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The Western and Central Pacific Ocean is the largest fishery on the planet, and the network of regional observers that are operate here is likewise the largest in the world. The Western and Central Pacific Fisheries Commission (WCPFC) has listed as working in the area 820 observers from the Pacific Islands countries and territories (PICTs), and another 800 from elsewhere. Between 300 and 400 are at sea at any one time.

The WCPFC, the Fisheries Monitoring Section of the Pacific Community (SPC) and the Forum Fisheries Agency (FFA) have developed a single set of standards for observers working in the region, and for observer training and accreditation among the PICTs. It is the Pacific Islands Regional Fisheries Observer (PIRFO) standards qualification.

Training, accreditation and ongoing development of observers

The PIRFO set of standards is the only regional standard qualification for observers in the world. It forms the basis for all the national observer programmes in the region.

The idea of having a regionally standard competency-based qualification for Pacific Island fisheries observers was proposed in 2007, and the program has advanced since then and continues to grow. The training covers two parts. The first part is for generic skills (e.g. safety, emergency response, communication, first aid, firefighting) for all personnel on fishing vessels. The second part focuses on the specific skills relating to observer reporting and monitoring.

There has been a massive increase in the demand for observers, debriefers and observer trainers with the rapid growth of tuna fishing in the WCPO and following the decision of the WCPFC that every purse-seine vessel must carry an observer on board. The PIRFO standards were developed to ensure that training in these jobs is harmonised across the region, and attracts certification and accreditation.

New standards have been developed for electronic reporting and monitoring, and certification of Marine Stewardship Council chain of custody. The program also now includes observer debriefer, observer debriefer trainer, PIRFO trainer and, more recently, observer program management training.

A 2015 working paper describes a long-term strategy for training and supporting observers, who contribute data that WCPFC uses in setting and updating fishing rules. It also discusses professional accreditation and the need to continue to develop standards.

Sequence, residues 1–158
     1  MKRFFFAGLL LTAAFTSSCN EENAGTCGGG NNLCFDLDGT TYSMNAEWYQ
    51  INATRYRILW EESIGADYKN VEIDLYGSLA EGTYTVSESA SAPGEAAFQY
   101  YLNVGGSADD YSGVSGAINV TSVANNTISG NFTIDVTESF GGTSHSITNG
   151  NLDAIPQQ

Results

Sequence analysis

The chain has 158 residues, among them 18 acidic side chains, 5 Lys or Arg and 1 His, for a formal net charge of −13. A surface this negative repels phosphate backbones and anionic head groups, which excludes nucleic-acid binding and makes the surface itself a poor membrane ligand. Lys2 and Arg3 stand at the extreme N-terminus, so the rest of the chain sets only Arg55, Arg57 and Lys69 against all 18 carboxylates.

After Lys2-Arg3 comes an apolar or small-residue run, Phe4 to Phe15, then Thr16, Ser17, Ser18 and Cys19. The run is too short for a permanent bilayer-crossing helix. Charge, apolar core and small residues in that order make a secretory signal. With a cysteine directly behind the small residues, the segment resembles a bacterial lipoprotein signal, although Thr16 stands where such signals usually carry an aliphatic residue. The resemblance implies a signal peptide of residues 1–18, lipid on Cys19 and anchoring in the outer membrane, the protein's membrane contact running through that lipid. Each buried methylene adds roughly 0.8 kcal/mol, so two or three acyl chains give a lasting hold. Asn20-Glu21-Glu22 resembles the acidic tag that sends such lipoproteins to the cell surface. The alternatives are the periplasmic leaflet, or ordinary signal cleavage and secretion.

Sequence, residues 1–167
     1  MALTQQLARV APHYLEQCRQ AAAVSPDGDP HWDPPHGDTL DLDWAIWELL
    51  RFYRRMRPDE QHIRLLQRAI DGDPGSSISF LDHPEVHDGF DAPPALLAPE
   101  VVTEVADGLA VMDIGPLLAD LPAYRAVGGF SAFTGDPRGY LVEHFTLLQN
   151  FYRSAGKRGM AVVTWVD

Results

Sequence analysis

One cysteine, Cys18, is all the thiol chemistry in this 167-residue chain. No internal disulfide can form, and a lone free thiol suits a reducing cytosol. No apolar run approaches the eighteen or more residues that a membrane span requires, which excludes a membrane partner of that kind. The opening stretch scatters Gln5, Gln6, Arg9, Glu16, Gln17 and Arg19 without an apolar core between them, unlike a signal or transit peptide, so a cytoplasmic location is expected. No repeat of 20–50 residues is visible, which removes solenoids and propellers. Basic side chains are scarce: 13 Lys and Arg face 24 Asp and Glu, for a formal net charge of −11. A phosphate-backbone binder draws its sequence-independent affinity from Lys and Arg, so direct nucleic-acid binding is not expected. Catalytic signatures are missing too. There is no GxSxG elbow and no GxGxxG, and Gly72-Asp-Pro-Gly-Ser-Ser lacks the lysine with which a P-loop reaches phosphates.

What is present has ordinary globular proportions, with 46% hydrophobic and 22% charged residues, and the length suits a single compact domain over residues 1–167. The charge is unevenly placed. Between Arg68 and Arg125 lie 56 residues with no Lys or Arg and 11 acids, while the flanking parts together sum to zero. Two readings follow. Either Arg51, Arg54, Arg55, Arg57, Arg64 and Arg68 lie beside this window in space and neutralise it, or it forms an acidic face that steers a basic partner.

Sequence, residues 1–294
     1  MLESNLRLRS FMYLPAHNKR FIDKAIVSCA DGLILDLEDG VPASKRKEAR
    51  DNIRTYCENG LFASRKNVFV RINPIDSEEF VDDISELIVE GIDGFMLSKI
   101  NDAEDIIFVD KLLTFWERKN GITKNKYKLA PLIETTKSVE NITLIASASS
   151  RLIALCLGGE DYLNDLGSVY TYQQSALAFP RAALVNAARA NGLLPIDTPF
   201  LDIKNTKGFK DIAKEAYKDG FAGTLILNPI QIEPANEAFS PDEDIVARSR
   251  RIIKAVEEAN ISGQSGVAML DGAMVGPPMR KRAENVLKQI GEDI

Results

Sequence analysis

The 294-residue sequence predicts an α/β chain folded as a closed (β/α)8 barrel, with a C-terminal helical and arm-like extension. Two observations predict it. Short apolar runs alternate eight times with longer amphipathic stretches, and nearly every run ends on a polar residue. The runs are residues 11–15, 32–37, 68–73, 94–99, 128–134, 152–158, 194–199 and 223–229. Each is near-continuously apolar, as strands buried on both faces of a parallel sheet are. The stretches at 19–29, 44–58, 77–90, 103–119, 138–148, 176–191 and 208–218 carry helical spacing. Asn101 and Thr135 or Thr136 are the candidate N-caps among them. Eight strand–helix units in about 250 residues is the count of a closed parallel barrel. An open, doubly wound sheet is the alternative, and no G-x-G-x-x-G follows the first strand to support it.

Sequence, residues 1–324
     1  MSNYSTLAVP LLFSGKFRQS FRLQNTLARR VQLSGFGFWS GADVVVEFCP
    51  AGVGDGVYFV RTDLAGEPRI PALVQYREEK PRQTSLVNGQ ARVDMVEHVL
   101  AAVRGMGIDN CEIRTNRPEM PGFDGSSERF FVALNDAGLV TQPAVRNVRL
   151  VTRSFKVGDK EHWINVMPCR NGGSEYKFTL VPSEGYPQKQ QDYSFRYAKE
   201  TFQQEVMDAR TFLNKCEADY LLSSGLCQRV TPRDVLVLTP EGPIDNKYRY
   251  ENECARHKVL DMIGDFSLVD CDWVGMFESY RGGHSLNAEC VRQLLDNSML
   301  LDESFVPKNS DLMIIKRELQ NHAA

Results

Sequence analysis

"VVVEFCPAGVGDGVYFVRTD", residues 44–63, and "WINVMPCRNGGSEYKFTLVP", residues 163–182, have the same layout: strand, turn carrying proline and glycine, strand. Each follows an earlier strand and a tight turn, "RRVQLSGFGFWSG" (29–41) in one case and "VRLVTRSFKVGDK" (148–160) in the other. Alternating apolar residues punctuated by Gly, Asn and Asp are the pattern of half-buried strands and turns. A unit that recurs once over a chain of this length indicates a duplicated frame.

The SPC’s Oceanic Fisheries Programme has two areas related to observers’ work:

Documents useful for trainee observers include the CMM for the Regional Observer Programme, the WCPFC ROP standards and guidelines, an observer handbook about the CMMs, and the materials on the PIRFO website.

People interested in training to be an observer can find out more about the role in an FFA fisheries brief.

 

There is increasing focus on research and training to improve observers’ skills worldwide. Photo credit: Francisco Blaha.

Electronic monitoring and reporting becoming the norm

Increasingly, Pacific Islands observers are equipped with tablets and satellite communication devices. Tablets enable them to collect and transmit monitoring data as they are captured, and make reporting easier to complete and easier to harmonise between island nations.

Satellite communication devices mean that they don’t have to rely on the vessel’s communication system. This is particularly important when they suspect that illegal, unreported or unregulated (IUU) fishing is occurring.

Pacific Island Observer with tablet and satellite communications device Photo: FFA
The well-equipped observer now carries a tablet and satellite communication device, so they can work independently of the vessel’s communications systems. Photo: FFA

Electronic monitoring can complement the work that observers do, particularly on purse-seine vessels, although it also supplements observation on the 5% of longline fishing vessels that carry observers.

SPC’s Neville Smith describes some basic differences in observation work on these two types of vessels, and explains some benefits and limitations of electronic monitoring (2.28 mins).